MoboReader> Literature > Plane and Plank; or, The Mishaps of a Mechanic

   Chapter 5 IN WHICH PHIL VAINLY SEARCHES FOR THE GRACEWOODS.

Plane and Plank; or, The Mishaps of a Mechanic By Oliver Optic Characters: 11717

Updated: 2017-12-01 00:02


"Of course you know whether the man we are looking for is in this room or not, Glynn," said the officer, when he found that the door was locked.

"'Pon my word I do not," protested the assistant.

"Did you let the room to any other person?"

"I did; but Lynch may occupy it with him, for aught I know. These fellows all run together, and I don't know who are in the rooms. We let them for a dollar a night, and don't care who sleeps in them."

The officer knocked at the door, and was promptly answered by a person whose voice did not sound at all like Lynch's. My hopes were failing, and I would have taken half my money, and given a receipt in full for the whole, if I could have made such a trade.

"Open the door," said the officer.

Even this request was promptly complied with, and we found the bed occupied by only one person. Glynn protested that he had not seen Lynch since he gave him the key and the light early in the evening; and, whether we believed him or not, we were forced to accept his explanation. We saw Redwood afterwards, and he appeared to be as innocent as his immaculate assistant. Both of them apologized to me for the rude treatment to which I had been subjected, and declared that they had made a bad mistake in taking me for a house-breaker, since I was now vouched for by no excellent a person as Captain Davis, of the steamer Fawn. If they ever saw Lynch again, they would hand him over to the officers of the law. It was for their interest to do so, because the reputation of the house was greatly injured by having a person robbed within it. They would do what they could to recover my money; and if they succeeded, where should they send it?

Captain Davis could not help laughing at this speech, and told me I need not trouble myself to leave any address. Both protested that they were in earnest; and certainty their logic was correct, whether they were sincere or not. If the local newspaper stated that a person had been robbed of a hundred dollars at Redwood's lodging-house, the fact would deter others from going there, for even gamblers and other fast men would object to having their money stolen. We left the house, and I gave up my money as lost; but I was willing to believe that I had purchased a hundred dollars' worth of wisdom and experience with it, and so I had a fair equivalent.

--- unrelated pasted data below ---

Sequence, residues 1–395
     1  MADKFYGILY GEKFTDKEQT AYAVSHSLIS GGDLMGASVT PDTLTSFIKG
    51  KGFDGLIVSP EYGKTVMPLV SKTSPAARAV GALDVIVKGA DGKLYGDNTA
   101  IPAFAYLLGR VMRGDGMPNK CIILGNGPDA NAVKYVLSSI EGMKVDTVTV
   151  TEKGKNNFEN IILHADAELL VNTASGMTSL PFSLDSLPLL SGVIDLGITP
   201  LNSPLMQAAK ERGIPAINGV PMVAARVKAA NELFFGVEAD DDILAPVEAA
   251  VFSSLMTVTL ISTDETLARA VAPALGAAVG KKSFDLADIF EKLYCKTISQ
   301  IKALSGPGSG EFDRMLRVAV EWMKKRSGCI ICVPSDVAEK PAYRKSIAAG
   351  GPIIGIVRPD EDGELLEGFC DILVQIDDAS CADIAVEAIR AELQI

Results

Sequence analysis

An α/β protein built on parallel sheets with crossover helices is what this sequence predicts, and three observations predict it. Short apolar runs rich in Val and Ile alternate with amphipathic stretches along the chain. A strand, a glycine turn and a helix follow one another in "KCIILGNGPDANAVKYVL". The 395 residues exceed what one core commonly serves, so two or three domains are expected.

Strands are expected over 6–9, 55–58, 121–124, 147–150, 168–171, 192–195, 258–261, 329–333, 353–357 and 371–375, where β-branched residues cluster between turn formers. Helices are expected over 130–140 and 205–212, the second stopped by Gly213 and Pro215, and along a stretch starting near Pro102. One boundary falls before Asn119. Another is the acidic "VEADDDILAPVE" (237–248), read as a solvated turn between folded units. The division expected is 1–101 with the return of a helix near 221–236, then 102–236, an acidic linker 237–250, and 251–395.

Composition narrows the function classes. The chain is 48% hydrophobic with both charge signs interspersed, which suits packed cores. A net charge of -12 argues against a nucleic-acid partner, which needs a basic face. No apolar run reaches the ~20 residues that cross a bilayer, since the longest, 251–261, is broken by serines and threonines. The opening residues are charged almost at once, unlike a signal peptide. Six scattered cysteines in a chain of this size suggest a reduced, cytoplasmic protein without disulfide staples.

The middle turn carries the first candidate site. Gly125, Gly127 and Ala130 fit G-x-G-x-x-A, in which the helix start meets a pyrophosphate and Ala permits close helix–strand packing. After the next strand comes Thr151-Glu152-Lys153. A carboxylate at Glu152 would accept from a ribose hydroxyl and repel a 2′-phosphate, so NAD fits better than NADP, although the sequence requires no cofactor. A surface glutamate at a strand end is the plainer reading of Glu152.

In the street I found the officer was not disposed to abandon the case. He had a reputation to make in that new land; and perhaps it was worth more to him than to me to find the money. I was entirely willing that he should increase his credit as a thief-taker by restoring my property, and I warmly seconded his endeavors. We watched the lodging-house till dinner time, but without seeing any one who looked like Lynch. In short, the officer made no progress in establishing a title to the position of chief of police when the office should be created in the new and growing city.

I returned to the steamer at the landing, and of course my first inquiries were for Mr. Gracewood and his family. To my astonishment and grief, not a word had been heard of them. Captain Davis had caused a thorough search to be made in the town, without obtaining the slightest clew to them. I was amazed, and so were others who were interested in the fate of the absent ones. It was incredible that any calamity had overtaken them by which the whole party had been lost. If the boat had been upset, the deck hands at least could have saved themselves.